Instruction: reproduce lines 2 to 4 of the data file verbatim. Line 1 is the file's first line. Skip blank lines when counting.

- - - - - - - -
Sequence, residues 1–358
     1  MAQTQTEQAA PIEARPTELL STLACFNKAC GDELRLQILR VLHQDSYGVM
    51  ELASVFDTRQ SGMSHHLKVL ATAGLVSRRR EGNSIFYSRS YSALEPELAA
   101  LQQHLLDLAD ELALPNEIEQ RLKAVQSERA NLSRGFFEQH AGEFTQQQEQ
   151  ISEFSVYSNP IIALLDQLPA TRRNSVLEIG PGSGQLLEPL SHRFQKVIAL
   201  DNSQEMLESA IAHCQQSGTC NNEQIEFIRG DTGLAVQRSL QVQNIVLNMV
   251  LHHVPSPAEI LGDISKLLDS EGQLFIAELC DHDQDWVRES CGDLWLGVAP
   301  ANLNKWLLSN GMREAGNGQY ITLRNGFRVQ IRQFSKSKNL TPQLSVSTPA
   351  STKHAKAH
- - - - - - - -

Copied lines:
     1  MAQTQTEQAA PIEARPTELL STLACFNKAC GDELRLQILR VLHQDSYGVM
    51  ELASVFDTRQ SGMSHHLKVL ATAGLVSRRR EGNSIFYSRS YSALEPELAA
   101  LQQHLLDLAD ELALPNEIEQ RLKAVQSERA NLSRGFFEQH AGEFTQQQEQ